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genevo is a library for implementing and executing simulations of optimization and search problems using a genetic algorithm (GA).

It provides a default implementation of the genetic algorithm to be used to find solutions for a wide variety of search and optimization problems.

The implementation is split into building blocks which are all represented by traits. This crate provides most common implementation for all building blocks. So it can be used for many problems out of the box.

Anyway if one wants to use different implementations for one or the other building block it can be extended by implementing any of the traits in a more sophisticated and customized way.

The building blocks (defined as traits) are:

  • Simulation
  • Algorithm
  • Termination
  • Operator
  • Population
  • Phenotype and Genotype
  • FitnessFunction

The simulation can run an algorithm that is executed in a loop. An algorithm implements the steps to be done for each iteration of the loop. The provided implementation of the genetic algorithm implements the Algorithm trait and can therefore be executed by the Simulator which is the provided implementation of the Simulation trait.

The Simulator holds state about the simulation and tracks statistics about the execution of the algorithm, such as number of iterations and processing time.

The simulation runs until the termination criteria are met. The termination criteria can be a single one such as max number of iterations or a logical combination of multiple termination criteria, e.g. max number of iterations OR a minimum fitness value has been reached. Of coarse Termination is a trait as well and one can implement any termination criteria he/she can think of.

The algorithm can make use of operators that perform different stages of the algorithm. E.g. the basic genetic algorithm defines the stages: selection, crossover, mutation and accepting. These stages are performed by the appropriate operators: SelectionOp, CrossoverOp, MutationOp, RecombinationOp and ReinsertionOp.

This crate provides multiple implementations for each one of those operators. So one can experiment with combining the different implementations to compose the best algorithm for a specific search or optimization problem. Now you may have guessed that the defined operators are traits as well and you are free to implement any of these operators in a way that suits best for your problem and plug them into the provided implementation of the genetic algorithm.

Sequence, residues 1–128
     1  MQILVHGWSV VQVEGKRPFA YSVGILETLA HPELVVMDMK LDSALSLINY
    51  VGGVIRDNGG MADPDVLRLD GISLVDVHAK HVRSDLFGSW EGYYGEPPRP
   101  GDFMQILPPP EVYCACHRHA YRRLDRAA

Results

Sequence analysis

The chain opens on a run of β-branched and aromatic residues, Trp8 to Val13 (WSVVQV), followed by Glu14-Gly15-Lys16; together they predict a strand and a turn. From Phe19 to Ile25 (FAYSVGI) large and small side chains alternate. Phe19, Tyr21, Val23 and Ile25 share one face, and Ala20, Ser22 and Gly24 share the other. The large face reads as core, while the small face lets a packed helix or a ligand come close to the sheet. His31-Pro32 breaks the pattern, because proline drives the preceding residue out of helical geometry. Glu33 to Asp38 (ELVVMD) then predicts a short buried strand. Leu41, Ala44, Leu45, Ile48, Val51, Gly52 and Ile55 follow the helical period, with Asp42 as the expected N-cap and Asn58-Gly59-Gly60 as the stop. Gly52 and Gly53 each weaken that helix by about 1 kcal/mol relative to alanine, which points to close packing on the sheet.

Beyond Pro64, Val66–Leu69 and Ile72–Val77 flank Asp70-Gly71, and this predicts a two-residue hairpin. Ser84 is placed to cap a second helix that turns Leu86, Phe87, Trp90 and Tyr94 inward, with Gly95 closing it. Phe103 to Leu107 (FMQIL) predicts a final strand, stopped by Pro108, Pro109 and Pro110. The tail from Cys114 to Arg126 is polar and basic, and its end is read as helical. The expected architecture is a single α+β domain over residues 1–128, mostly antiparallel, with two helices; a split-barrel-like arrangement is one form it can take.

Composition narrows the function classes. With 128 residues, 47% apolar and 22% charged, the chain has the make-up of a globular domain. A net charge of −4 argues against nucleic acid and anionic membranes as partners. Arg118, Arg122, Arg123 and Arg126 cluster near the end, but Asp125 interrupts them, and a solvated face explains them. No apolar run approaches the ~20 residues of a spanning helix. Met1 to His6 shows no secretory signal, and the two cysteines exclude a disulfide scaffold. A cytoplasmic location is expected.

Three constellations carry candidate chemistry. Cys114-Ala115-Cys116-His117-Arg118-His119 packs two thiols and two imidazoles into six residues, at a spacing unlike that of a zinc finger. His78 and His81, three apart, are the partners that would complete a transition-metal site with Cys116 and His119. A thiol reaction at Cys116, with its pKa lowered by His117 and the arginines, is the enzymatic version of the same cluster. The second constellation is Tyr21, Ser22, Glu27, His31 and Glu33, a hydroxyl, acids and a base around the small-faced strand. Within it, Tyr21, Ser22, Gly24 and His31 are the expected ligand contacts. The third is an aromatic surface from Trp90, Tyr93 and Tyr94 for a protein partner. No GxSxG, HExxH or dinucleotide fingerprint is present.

The genetic algorithm needs a population that it evolves with each iteration. A population contains a number of individuals. Each individual represents a possible candidate solution for an optimization problem for which the best solution is searched for. This crate provides a PopulationBuilder to build population of genomes. To run the population builder it needs an implementation of the GenomeBuilder trait. A GenomeBuilder defines how to create one individual (or genome) within the population.

Last but maybe most important are the traits Phenotype, Genotype and FitnessFunction. These are the traits which define the domain of the optimization problem. They must be implemented individually for each application of the genetic algorithm.

Enough words about the building blocks. Show me some concrete examples. Have a look at the examples in the examples folder to find out how to use this crate:


The algorithm module defines traits and structs for implementing concrete algorithms such as the ga::GeneticAlgorithm and various operators as defined in the operator module.

The encoding module provides basic scheme of encoding genetic::Genotypes.

This module provides an algorithm::Algorithm which implements the genetic algorithm (GA).

The ‘genetic’ module defines types for the genetic algorithm. The traits defined in this module should be implemented to formulate an optimization or search problem. The types are named after terms as they are found in genetic biology.

The mutation module provides operator::MutationOps implementation of various mutation schemes for binary encoded, value encoded, permutation encoded and tree encoded genetic::Genotypes.

The operator module defines the types of genetic operators as traits. A genetic operator defines a function that performs a specific stage in the genetic algorithm. Each of these genetic operator can be implemented in variety of ways using different algorithms and methods.

The population module defines the Population struct and the PopulationBuilder for building random populations.

The random module defines functions that are used to generate random values for specific purposes.

The recombination module provides default implementations of the operator::CrossoverOp. The provided crossover operators are organized in the categories:

The reinsertion module provides implementations of the operator::ReinsertionOp for basic strategies of reinsertion.

The selection module provides implementations of the operator::SelectionOp genetic operator.

The statistic module provides functionality to collect and display statistic about a genetic algorithm application and its execution.

Termination determines when to stop the process of the genetic algorithm. Common termination conditions are:

This module provides implementations of the genetic::Fitness trait for some primitive types, such as i32, i64 et cetera. This is because Rust does not allow programmers to implement a foreign trait for a foreign type, which would stop you as a library user from using primitive types as fitness values.